Kumamoto suffers double quake

In April 2016, two powerful earthquakes within 28 hours caused major damage in southwestern Japan. In terms of the overall loss, this was the third most expensive earthquake event in Japan’s history after the Tohoku earthquake in 2011 and the Kobe earthquake of 1995.


Because of its position on the boundary of several tectonic plates, Japan has suffered more than most from powerful earthquakes. In the south of the country, the Philippine plate pushes itself five centimetres further under the Eurasian plate every year. The resultant rock stress triggered a series of quakes starting on 14 April 2016. On that day, a foreshock with a moment magnitude of 6.2 hit the island of Kyushu, and was followed by smaller aftershocks and, finally, the main shock on 16 April with a magnitude of 7.0 (see map on page 20). The series of earthquakes caused numerous landslides, and many old buildings in particular suffered severe damage. Large industrial facilities were at a standstill for days. In a number of places there was ground liquefaction, which caused very serious damage to buildings.

Earthquakes away from the actual plate boundaries

The quakes occurred on known 'crustal faults' at a shallow depth of around ten kilometres, mainly in the Futagawa-Hinagu fault zone. This type of fault, far away from the actual plate boundaries, is frequently caused by internal deformation of the tectonic plates as a result of external pressure. Despite their lower magnitude and longer return periods compared to subduction quakes – where one plate pushes under another – crustal quakes are often more destructive because they occur nearer populated areas. Unlike the foreshock, the fracture caused by the main shock in Kumamoto reached the surface. The ground opened up in several places, and there were local horizontal slips of more than two metres.

According to the Japan Meteorological Agency (JMA), both quakes generated exceptionally high ground acceleration of over 10 m/s2. For the same region to suffer severe earthquakes in close succession is also considered quite a rare occurrence.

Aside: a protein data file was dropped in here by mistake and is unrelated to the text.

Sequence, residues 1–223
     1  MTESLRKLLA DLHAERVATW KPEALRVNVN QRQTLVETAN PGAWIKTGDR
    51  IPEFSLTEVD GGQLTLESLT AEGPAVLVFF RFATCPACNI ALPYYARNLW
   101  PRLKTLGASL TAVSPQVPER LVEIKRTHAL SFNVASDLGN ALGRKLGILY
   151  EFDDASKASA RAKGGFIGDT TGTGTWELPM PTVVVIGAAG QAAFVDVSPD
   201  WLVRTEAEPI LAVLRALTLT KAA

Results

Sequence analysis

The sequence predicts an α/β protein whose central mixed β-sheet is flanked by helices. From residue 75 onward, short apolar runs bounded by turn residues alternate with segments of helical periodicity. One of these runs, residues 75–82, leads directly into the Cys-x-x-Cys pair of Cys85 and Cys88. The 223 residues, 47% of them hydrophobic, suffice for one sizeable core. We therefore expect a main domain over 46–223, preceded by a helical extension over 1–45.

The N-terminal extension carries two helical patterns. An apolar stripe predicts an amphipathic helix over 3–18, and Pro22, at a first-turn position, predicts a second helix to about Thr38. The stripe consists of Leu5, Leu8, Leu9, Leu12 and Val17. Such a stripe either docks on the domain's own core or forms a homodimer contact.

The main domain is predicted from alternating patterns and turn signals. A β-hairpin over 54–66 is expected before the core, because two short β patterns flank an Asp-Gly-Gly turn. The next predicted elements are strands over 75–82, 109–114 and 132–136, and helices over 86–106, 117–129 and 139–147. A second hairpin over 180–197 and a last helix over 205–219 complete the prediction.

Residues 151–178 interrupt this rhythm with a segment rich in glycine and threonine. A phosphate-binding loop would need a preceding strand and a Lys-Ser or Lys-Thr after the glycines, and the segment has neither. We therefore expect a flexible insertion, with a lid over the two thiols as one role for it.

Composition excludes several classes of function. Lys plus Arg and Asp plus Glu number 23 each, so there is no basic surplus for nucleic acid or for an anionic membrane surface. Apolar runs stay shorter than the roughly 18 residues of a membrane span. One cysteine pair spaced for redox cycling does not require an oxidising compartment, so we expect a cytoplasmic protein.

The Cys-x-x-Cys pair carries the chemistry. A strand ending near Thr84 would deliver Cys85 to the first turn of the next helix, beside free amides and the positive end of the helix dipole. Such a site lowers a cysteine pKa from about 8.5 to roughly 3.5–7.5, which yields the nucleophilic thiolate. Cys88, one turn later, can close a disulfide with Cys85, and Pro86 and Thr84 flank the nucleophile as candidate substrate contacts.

Earthquake-resistant construction in Japan

Official building standards have been in force in exposed regions of Japan since 1924. They have been updated many times. There were major changes, for example, in 1981 (after the 1978 Miyagi quake), following which, though a building may suffer damage from strong ground motion, it should not be capable of collapsing. There were many smaller changes in the years thereafter, relating, for example, to the stability of wooden buildings in 2000 and the requirement that all buildings under construction be inspected by an independent body and checked for compliance with the building standards, in 2006.

The series of earthquakes in April caused large losses in the Kumamoto prefecture and surrounding towns (e.g. Mashiki). There were 69 deaths, and many people were injured. Almost 300,000 had to be evacuated after the main shock. Some 8,000 buildings collapsed and more than 140,000 were damaged, 24,000 severely. A large proportion of the buildings that collapsed were wooden buildings with heavy roof structures built according to the pre-1981 building standards. Several cultural heritage sites (including Kumamoto Castle and the Aso Shrine) were damaged, as was infrastructure (roads, bridges and railway lines), either directly by the quake or by subsequent landslides.

In April 2016, two powerful earthquakes within 28 hours caused major damage in southwestern Japan. In terms of the overall loss, this was the third most expensive earthquake event in Japan’s history after the Tohoku earthquake in 2011 and the Kobe earthquake of 1995. © The Asahi Shimbun / Getty Images
Most old houses in Japan are made of wood and have heavy roofs. The collapse of such houses accounted for the lion‘s share of the losses from the 2016 Kumamoto quakes.

Supply chains disrupted

Firms producing cars, electronic components and pharmaceuticals are based in the industrial area to the northeast of Kumamoto. Though the structural damage to buildings tended to be minor, production at several sites was brought to a standstill, at least in the week following the quake, causing worldwide interruptions in the supply chain for downstream production facilities. The industrial losses in Kumamoto once again highlight the extent to which just-in-time production is utterly dependent on a steady supply of individual components.

The overall loss for the two earthquakes in Japan amounts to around US$ 31bn, of which US$ 6bn was insured, making Kumamoto Japan’s third-costliest earthquake after Tohoku in 2011 and Kobe in 1995 (see table). Residential buildings and their contents accounted for over half of the overall losses – and almost three quarters of the insured losses.

As there has been a considerable rise in the number of buildings insured, the insured losses in 2016 were significantly higher than for the Kobe quake in 1995. The proportion of households insured against earthquakes with private insurance companies has more than tripled since Kobe, from 9% to 29%. Nevertheless, due to the persistently low insurance density in Japan, the uninsured portion of the losses was higher than for comparable disasters in other industrialised countries like New Zealand.